Pramod Pati, who died an untimely death at the age of 42, worked for the Films Division of the Ministry of Information and Broadcasting in India, which commissioned feature-length and short documentaries as well as short animation films for the purposes of cultural archiving and nationwide information dissemination. The documentaries generally consisted of profiles of artistes practicing traditional forms, educational films for adults, and simple moral tales and basic literacy courses for children. Although there was an obvious restriction on the type of subjects filmmakers can choose, the Films Division, like the Kanun in Iran, was free from commercial concerns and thus presented a higher scope for formal experimentation for directors.
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Don Cherry, trumpet, illustrating an Andre Breton poem in various Paris locations. Breton poem read by Anthony Braxton.
Produced and distributed by a free-market group based in San Diego called World Research, Inc., the 40-minute film is set in the year 2003 and gives viewers a look at two vastly different worlds. On Earth, a world government has formed and everything is micromanaged to death, killing private enterprise. But in space, there’s true hope for freedom. Viewers get an interesting peek into what daily life is like when a Libra resident shows off her Abacus computer, which is a bit like Siri. The film’s vision for 2003 isn’t very pleasant — at least for those left on Earth. The people of Libra seem happy, while those on Earth cope with the world government’s dystopian top-down management of resources.
We are facing a flood of powerful new technologies that expand the potential for centralized monitoring, an executive branch aggressively seeking new powers to spy on citizens, a docile Congress and courts, as well as a cadre of mega-corporations that are willing to become extensions of the surveillance state. We confront the possibility of a dark future where our every move, our every transaction, our every communication is recorded, compiled, and stored away, ready for access by the authorities whenever they want.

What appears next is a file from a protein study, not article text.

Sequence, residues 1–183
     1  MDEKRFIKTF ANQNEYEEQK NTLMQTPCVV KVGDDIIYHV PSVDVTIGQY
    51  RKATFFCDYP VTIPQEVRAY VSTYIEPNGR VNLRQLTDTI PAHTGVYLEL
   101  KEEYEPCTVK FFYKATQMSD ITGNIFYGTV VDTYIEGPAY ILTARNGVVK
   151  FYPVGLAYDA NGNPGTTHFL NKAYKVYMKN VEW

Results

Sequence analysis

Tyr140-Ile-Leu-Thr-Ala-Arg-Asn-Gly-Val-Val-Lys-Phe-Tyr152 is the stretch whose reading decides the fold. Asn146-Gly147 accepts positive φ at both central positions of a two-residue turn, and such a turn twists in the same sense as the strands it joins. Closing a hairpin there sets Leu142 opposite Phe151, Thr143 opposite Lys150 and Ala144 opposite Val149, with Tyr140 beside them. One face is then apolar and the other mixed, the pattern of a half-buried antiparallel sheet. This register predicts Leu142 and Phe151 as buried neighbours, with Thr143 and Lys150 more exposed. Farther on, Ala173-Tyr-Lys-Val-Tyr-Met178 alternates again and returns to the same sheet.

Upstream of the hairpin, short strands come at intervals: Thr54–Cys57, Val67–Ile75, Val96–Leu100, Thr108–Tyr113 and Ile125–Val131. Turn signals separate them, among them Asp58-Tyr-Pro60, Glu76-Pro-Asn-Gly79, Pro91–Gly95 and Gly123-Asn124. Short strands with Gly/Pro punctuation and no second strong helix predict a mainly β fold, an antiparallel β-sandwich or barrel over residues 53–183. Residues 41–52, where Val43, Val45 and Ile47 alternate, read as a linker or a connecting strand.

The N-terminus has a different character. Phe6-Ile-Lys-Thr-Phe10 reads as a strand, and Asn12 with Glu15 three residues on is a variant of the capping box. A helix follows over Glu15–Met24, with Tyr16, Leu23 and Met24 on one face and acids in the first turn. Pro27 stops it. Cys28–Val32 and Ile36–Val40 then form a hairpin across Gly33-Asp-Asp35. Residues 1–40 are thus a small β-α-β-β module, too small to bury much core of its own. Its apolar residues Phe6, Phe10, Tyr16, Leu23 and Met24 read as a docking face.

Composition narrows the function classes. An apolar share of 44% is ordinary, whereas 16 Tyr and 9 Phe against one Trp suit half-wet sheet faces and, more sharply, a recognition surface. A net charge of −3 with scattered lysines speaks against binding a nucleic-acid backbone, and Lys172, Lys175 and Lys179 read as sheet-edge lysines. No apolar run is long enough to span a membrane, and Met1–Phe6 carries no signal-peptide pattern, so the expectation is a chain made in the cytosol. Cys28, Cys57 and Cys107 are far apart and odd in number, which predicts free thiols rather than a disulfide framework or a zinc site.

I had a dream that I inhabited a construction supply warehouse and was picking up materials for my new cosmology. I picked up understanding, gnosis and some new pipes for a free flowing system connected to the logos. I awoke from the metaphor to realize that this dream told me that my worldview, and even who I AM, creates the landscape of my reality. “Blame it on last night’s whiskey,” I said and returned to sleep, but the same idea came again in another way: This time, I was in an art studio that my present self does not yet own. Here I made with paint and canvas my own cosmos. Where previously it was a construct, now it was a work of art.
In Alan Moore’s first film, Jimmy’s End, Jimmy visits an unexpected place in which the big show of creation happens, performed by the great “I AM”.… Read the rest
Police Mortality is Anti-Banality’s latest wish-fulfillment symptomology of, as one character hallucinates it, “a precisely formulated national conspiracy of police genocide.” It is a paranoid-schizophrenic blitz against police subjectivity, skimmed off nearly 200 movies by that other social superego–Hollywood. In this opening scene, the immaculate suicide of one LAPD officer begins to reveal the contradictions of police existence to a force which, finding itself multiply irreconcilable with itself, resorts to terminal civil war, eradicating the prevailing organization of life in the process.